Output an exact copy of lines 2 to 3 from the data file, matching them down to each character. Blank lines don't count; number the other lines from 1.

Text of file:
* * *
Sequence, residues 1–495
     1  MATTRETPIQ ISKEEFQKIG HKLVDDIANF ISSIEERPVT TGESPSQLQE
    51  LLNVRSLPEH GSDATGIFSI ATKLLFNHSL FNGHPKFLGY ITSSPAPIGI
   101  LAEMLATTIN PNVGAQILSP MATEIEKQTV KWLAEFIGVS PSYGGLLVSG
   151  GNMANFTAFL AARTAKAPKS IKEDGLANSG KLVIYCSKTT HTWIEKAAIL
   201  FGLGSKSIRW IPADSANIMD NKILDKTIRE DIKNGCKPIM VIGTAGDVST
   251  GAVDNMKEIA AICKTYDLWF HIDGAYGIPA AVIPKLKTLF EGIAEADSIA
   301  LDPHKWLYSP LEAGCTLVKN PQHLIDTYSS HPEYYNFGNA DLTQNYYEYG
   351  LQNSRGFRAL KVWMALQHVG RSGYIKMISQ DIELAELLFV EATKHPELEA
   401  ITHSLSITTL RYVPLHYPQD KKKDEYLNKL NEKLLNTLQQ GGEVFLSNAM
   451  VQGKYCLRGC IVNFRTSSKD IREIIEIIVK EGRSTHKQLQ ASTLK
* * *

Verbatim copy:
     1  MATTRETPIQ ISKEEFQKIG HKLVDDIANF ISSIEERPVT TGESPSQLQE
    51  LLNVRSLPEH GSDATGIFSI ATKLLFNHSL FNGHPKFLGY ITSSPAPIGI